Written by Lt. j.g. Katie Braynard
Support. It’s been a common theme throughout the entirety of Capt. Lucinda Cunningham’s career. A theme that she hopes will continue.
Cunningham enlisted in the Coast Guard in May 1990 after graduating college in North Carolina.
“I did not have the electronic experience I needed to impress people and get hired, so I said ‘Hey, I want to serve my country anyway,’” Cunningham said. “The Coast Guard was just so appealing to me because of the humanitarian missions.”
Cunningham, an electronics technician at the time, was able to build her skills at her first unit, the Coast Guard Cutter Legare. Although she had originally planned to leave the Coast Guard after just four years of service, her plans changed drastically once she stepped foot aboard the cutter.
“I ran into so many great people and officers on the ship,” she said.
Those people she met encouraged the young college graduate to apply for the Coast Guard’s Officer Candidate School and earn a commission. That encouragement came at the right time. Cunningham’s rating had just merged with another rating, sonar technician, and advancements were slow. She decided to follow the encouragement from her shipmates aboard Cutter Legare and apply for OCS.
It paid off – she was accepted into OCS and graduated in 1994 and received her first assignment – to lead the Coast Guard’s Ceremonial Honor Guard in Alexandria, Virginia. This assignment marked the first time a woman was to lead a U.S armed forces ceremonial honor guard.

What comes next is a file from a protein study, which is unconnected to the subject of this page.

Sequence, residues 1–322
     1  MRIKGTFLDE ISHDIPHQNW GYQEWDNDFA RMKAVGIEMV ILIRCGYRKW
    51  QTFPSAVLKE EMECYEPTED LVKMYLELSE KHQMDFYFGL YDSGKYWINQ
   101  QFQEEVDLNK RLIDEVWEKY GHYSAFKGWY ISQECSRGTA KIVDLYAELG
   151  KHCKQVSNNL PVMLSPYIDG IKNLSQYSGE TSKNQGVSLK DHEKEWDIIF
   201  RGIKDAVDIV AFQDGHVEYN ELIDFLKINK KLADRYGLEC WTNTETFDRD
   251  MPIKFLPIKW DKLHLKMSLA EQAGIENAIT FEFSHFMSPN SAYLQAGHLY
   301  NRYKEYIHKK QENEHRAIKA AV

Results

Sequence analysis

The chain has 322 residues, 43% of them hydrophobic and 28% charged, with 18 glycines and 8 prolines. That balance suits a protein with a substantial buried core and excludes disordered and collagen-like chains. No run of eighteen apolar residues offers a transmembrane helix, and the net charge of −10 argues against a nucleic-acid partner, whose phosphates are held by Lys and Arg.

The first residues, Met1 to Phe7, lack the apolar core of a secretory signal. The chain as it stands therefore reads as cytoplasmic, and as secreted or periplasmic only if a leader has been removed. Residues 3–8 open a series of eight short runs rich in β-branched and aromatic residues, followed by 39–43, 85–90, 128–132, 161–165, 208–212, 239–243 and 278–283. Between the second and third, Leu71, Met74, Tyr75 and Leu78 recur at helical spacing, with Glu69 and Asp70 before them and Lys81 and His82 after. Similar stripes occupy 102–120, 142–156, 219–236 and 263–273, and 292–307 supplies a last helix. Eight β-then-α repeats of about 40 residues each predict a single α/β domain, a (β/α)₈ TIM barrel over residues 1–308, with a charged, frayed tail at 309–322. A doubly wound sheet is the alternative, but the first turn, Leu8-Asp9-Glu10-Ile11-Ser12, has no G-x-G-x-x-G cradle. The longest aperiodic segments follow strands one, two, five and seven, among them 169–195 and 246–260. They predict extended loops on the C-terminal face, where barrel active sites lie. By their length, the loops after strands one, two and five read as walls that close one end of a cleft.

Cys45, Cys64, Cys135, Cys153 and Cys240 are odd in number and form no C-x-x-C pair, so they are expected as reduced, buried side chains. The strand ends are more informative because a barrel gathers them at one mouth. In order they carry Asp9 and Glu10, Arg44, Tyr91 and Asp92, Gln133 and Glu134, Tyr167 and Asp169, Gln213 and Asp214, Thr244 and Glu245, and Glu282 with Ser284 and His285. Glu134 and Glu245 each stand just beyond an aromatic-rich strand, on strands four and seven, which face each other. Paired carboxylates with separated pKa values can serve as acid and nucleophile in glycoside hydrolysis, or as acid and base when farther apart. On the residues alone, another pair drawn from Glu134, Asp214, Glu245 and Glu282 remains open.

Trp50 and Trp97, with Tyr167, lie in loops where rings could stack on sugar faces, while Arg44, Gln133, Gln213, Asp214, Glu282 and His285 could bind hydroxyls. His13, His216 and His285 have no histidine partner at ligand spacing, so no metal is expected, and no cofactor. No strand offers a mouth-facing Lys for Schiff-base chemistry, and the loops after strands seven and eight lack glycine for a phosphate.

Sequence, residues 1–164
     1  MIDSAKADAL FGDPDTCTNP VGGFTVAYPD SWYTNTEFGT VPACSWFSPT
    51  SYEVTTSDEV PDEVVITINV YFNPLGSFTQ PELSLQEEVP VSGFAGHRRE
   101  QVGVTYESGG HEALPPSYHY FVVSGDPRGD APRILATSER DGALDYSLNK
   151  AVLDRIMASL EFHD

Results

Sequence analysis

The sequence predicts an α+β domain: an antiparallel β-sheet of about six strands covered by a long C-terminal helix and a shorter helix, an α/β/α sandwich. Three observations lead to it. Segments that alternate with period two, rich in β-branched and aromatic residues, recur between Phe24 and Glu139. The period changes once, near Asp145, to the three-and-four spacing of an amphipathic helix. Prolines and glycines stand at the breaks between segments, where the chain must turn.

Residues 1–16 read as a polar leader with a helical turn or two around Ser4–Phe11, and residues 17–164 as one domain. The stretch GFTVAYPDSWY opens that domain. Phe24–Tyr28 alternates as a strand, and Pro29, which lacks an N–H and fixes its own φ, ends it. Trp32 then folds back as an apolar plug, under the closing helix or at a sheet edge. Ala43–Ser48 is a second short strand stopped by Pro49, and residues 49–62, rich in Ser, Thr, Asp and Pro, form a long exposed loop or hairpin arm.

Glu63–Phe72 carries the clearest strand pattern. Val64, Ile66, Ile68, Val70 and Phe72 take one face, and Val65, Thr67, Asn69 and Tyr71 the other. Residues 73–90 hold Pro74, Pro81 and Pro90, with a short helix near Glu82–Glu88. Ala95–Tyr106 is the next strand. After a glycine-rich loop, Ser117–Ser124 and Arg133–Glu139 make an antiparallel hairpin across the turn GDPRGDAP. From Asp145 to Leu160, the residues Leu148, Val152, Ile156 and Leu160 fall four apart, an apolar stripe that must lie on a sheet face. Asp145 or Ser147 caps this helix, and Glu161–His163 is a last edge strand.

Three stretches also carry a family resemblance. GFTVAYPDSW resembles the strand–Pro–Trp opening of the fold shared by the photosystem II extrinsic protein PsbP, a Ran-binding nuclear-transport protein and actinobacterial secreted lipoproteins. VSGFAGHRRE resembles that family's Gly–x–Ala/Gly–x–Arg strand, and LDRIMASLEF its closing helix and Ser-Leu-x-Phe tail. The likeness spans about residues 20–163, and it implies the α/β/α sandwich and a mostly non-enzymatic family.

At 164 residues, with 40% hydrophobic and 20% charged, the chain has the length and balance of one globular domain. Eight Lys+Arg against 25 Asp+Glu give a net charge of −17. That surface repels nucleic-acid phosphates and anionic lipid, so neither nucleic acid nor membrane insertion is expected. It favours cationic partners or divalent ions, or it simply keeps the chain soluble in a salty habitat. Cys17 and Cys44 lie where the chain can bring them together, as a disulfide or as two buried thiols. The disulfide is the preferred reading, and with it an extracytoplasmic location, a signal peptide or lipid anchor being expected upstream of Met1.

“That was a great tour,” she remembers. “It was really tough, but eventually everyone came to accept me. It was a great experience.”
Her follow-on tour was a bit more challenging. Assigned to the Coast Guard Cutter Buttonwood, Cunningham struggled and said she thought her career may be over.
Her next tour brought her back into the technology field – where she found the support she needed to excel and go on to multiple successful follow-on tours, including attending graduate school and serving as executive officer at Electronic Support Unit Boston.
Cunningham currently serves as the executive assistant to the Assistant Commandant for Command, Control, Communications, Computers and Information Technology, Rear Adm. Marshall Lytle at U.S. Coast Guard headquarters in Washington, D.C. However, Cunningham recently earned her greatest honor: she became the first African-American woman to achieve the rank of captain in the U.S. Coast Guard equivalent to a colonel in the U.S. Army, Air Force or Marine Corps. In a ceremony held May 6, 2015, Cunningham was promoted from the rank of commander to captain as she prepared for her next assignment as commanding officer of Coast Guard Base New Orleans.
“I am incredibly humbled, and I am taking this milestone really seriously,” said Cunningham. “I am very thankful. I am very proud to be in the Coast Guard.”
As she prepares to move forward to her next assignment, Cunningham knows that she will continue to be a role model for young men and women serving in the Coast Guard, as well as a role model for peers.
And the one thing she wants to carry throughout her tenure as commanding officer of Base New Orleans? Support.
“Whatever services, support, mission execution we should be doing for the sector, the district, just the people in that area, I want to make sure I meet their expectations,” said Cunningham. “I want to make Base New Orleans the best base in the entire Coast Guard.”
And for junior officers following in her footsteps, she has one additional piece of advice: find a mentor.
“That support structure is what led to my success,” she said. “All of those mentors helped me to grow. And I need to keep growing, and I hope to pull others up with me.”